A Chuck is a specialised type of clamp used to hold rotating tools or materials.
A collet is a sleeve with a (normally) cylindrical inside and a conical outside. The collet has kerf cuts along its length to allow it to expand and contract. A threaded section at the rear of the collet is used to pull it into a matching conical socket. As the collet is pulled into the socket, the collet will contract - gripping the contents of the inner cylinder.Collets are most commonly found on milling machines, lathes, wood routers, and precision grinders. There are many different systems, common examples being the ER and R8 systems. Collets can also be obtained to fit Morse or Brown and Sharpe taper sockets.
Typically collets offer far higher levels of precision and accuracy than self-centering chucks, and have a far shorter setting up time than independent-jaw chucks. The penalty is that most collets can only accommodate a single size of workpiece. An exception are ER collets which typically have a working range of 1 mm (about 0.04 inches).
Collets usually are made to hold cylindrical work, but are available to hold square, hexagonal or octagonal workpieces.
Keyless and keyed drill chucks
A drill chuck is a specialised three-jaw chuck used to hold drill bits or related tools.
The image at right shows an assembled keyless chuck at the top. The tightening action of this chuck style is performed by twisting the body using firm hand pressure only.
The lower images show the traditional keyed style of drill chuck with its key. The arbor is shown separately to the right. These chucks require a key to provide the necessary torque to tighten and loosen the jaws. The rotary action of the key turns the outer body which acts on an internal screw; this in turn moves the threaded jaws in or out along a tapered surface. The taper allows the jaws to encompass various sizes of drill shanks. The end view shows the three small jaws that slide within the body.
Some high precision chucks use ball thrust bearings to reduce friction in the closing mechanism and maximizing drilling torque. These chucks are sometimes referred to as "super chucks".
Special Direct System (SDS)
Developed by Bosch in 1975 for hammer drills, the SDS uses a cylindrical shank on the tool, with indents to be held by the chuck. A tool is inserted into the chuck by pressing in, and is locked in place until a separate lock release is used – no tightening required. The rotary force is supplied through wedges that fit into two or three open grooves. The hammer action actually moves the bit up and down within the chuck since the bit is free to move a short distance. Two sprung balls fit into closed grooves, allowing movement whilst retaining the bit. SDS relies on a tool having the same shank diameter as the chuck - there are three standard sizes:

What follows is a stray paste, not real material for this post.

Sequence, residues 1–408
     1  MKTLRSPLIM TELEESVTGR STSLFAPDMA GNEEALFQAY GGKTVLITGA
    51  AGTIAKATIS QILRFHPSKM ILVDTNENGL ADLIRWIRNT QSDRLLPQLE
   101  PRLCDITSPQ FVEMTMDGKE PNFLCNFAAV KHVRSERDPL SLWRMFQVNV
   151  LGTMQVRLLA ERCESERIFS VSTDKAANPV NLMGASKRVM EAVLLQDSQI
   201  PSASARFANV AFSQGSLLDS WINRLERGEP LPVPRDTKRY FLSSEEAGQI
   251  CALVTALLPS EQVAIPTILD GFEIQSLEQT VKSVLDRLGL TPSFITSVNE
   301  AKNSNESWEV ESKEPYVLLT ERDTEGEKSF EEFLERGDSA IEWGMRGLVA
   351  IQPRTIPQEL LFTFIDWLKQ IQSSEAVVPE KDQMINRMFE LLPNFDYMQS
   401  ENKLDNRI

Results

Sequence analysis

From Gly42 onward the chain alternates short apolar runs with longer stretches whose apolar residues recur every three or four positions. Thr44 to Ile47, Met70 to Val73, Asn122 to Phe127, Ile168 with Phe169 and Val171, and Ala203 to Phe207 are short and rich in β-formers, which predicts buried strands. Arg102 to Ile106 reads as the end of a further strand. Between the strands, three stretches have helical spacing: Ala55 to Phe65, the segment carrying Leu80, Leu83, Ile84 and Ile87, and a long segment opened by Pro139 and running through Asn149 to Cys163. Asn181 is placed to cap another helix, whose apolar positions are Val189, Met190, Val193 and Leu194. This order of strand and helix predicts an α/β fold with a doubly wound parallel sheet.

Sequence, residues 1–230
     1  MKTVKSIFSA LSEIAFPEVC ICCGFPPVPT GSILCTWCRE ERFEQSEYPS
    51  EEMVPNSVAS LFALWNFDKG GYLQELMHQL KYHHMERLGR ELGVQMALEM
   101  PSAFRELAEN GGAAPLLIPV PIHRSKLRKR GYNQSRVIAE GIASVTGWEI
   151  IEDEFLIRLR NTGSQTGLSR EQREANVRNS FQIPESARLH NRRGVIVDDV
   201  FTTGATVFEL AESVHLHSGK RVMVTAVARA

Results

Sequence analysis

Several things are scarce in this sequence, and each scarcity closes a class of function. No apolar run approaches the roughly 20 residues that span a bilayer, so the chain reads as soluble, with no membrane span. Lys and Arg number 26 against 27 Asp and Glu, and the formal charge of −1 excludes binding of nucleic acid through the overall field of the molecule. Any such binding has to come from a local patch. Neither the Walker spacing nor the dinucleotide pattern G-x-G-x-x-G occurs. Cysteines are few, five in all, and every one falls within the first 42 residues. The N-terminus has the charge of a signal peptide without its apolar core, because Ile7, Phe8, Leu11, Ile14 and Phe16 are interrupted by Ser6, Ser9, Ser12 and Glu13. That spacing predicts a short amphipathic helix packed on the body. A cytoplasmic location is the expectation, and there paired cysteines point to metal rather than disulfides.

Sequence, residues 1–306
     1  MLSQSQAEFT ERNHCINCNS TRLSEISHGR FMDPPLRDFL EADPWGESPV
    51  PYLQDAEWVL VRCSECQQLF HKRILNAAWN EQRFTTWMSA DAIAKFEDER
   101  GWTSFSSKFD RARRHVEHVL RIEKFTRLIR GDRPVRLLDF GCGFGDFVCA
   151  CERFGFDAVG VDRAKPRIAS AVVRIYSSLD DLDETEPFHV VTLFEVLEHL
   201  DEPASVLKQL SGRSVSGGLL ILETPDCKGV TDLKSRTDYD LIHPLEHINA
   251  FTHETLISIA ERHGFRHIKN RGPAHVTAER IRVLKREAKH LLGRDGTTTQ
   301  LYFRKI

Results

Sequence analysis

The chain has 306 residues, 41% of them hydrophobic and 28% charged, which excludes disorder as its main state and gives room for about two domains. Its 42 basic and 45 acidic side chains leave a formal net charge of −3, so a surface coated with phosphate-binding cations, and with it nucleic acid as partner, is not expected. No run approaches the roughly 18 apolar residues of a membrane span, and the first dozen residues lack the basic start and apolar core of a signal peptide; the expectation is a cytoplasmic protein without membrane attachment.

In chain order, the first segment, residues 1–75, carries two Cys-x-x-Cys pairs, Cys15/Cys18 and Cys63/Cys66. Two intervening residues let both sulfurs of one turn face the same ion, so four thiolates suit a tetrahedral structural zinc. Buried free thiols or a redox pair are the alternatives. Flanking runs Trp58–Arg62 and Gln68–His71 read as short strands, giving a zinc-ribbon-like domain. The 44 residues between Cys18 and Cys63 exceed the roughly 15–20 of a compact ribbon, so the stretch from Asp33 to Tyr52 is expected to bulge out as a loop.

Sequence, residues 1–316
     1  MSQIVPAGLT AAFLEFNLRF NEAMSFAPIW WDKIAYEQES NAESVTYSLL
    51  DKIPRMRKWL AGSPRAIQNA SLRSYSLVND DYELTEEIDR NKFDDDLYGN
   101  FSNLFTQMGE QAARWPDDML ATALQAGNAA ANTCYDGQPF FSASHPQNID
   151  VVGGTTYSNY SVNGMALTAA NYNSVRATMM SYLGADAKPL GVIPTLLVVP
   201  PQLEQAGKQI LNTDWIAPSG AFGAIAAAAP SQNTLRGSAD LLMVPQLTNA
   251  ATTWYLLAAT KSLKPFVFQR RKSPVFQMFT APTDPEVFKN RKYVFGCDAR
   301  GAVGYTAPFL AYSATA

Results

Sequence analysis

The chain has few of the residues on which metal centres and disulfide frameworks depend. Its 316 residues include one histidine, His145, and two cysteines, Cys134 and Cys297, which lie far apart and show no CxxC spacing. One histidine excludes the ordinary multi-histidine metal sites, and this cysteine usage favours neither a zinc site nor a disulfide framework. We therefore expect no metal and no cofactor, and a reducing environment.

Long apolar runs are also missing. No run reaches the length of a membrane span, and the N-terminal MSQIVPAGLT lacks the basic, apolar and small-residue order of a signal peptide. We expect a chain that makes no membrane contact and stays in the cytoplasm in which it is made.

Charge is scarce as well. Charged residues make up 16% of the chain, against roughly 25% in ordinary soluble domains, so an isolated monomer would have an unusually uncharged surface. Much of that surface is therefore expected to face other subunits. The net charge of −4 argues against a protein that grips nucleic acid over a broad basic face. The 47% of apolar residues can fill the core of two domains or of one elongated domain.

- SDS-Plus – a 10 mm shank with two open grooves held by the driving wedges and two closed grooves held by locking balls. This is the most common size and takes a hammer up to 4 kg. The wedges grip an area of 75 mm2 and the shank is inserted 40 mm into the chuck.
- SDS-top a 14 mm shank similar to SDS-plus, designed for hammers from 2 to 5 kg. The grip area is increased to 212 mm2 and the shank is inserted 70 mm. This size is not common.
- SDS-max – an 18 mm shank with three open grooves and locking segments rather than balls. It is designed for hammers over 5 kg. The wedges grip an area of 389 mm2 and the shank is inserted 90 mm.
Many SDS drills have a "rotation off" setting, which allows the drill to be used for chiselling. The name SDS comes from the German "Steck – Dreh – Sitz" (Insert – Twist – Stay). German-speaking countries may use "Spannen durch System" (Clamping System), though Bosch uses "Special Direct System" for international purposes.
[. (German language)]
A three-jaw chuck is a rotating clamp which uses three interconnected dogs or 'jaws' to hold on a tool or work piece. Three-jaw chucks are usually self-centering and are best suited to grip circular cross sections, though independent versions can be obtained.
The image shows a three-jaw chuck and key with one jaw removed and inverted showing the teeth that engage in the scroll plate. The scroll plate is rotated within the chuck body by the key, the scroll engages the teeth on the underside of the jaws which moves the three jaws in unison, to tighten or release the workpiece.
The Griptru™ style of self-centering chuck from Pratt Burnerd Intl., Ltd. has further adjustment screws which can be used to further improve the accuracy of the chuck at any chosen diameter of workpiece.
Three-jaw chucks can be found on lathes and indexing heads.
A four-jaw chuck is similar to a three-jaw chuck, but with four jaws, each of which can be moved independently. This makes them ideal for gripping non-circular cross sections, but difficult to centre precisely. Four-jaw chucks are almost never used for tool holding. Four-jaw chucks can be found on lathes and indexing heads.
The image shows a four-jaw chuck with the jaws independently set. The key is used to adjust each jaw separately.
For special purposes, and also the holding of fragile materials, chucks are available with six or eight jaws. These are invariably of the self-centering design, and are built to very high standards of accuracy.
Self-centering four jaw
A four jaw chuck with a mechanism for centering the work piece. Sometimes used to refer to chucks where the jaws are moved in interconnected pairs.
Used only for holding ferro-metallic work pieces, a magnetic chuck consists of an accurately centred permanent magnet face. Electro Magnets or permanent magnets are brought into contact with fixed ferrous plates, or 'pole pieces', contained within a housing. These pole pieces are usuall flush with the housing surface. The part or 'work piece' to be held forms the closing of the magnetic loop or path, onto those fixed plates, providing a secure anchor for the work piece